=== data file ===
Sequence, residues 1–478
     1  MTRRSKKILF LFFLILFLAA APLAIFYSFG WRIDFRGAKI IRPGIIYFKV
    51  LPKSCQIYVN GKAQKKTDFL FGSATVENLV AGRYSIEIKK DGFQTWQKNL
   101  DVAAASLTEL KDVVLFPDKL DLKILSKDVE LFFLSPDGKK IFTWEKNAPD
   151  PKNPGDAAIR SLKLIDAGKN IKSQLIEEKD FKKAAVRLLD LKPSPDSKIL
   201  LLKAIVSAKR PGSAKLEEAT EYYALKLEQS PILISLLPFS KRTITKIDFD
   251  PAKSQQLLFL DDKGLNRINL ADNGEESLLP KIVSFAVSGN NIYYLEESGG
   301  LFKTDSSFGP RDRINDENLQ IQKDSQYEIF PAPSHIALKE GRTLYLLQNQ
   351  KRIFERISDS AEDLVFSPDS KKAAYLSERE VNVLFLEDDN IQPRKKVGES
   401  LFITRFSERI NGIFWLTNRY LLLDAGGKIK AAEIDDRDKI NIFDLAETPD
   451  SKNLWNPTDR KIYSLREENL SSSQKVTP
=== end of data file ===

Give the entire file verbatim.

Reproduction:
Sequence, residues 1–478
     1  MTRRSKKILF LFFLILFLAA APLAIFYSFG WRIDFRGAKI IRPGIIYFKV
    51  LPKSCQIYVN GKAQKKTDFL FGSATVENLV AGRYSIEIKK DGFQTWQKNL
   101  DVAAASLTEL KDVVLFPDKL DLKILSKDVE LFFLSPDGKK IFTWEKNAPD
   151  PKNPGDAAIR SLKLIDAGKN IKSQLIEEKD FKKAAVRLLD LKPSPDSKIL
   201  LLKAIVSAKR PGSAKLEEAT EYYALKLEQS PILISLLPFS KRTITKIDFD
   251  PAKSQQLLFL DDKGLNRINL ADNGEESLLP KIVSFAVSGN NIYYLEESGG
   301  LFKTDSSFGP RDRINDENLQ IQKDSQYEIF PAPSHIALKE GRTLYLLQNQ
   351  KRIFERISDS AEDLVFSPDS KKAAYLSERE VNVLFLEDDN IQPRKKVGES
   401  LFITRFSERI NGIFWLTNRY LLLDAGGKIK AAEIDDRDKI NIFDLAETPD
   451  SKNLWNPTDR KIYSLREENL SSSQKVTP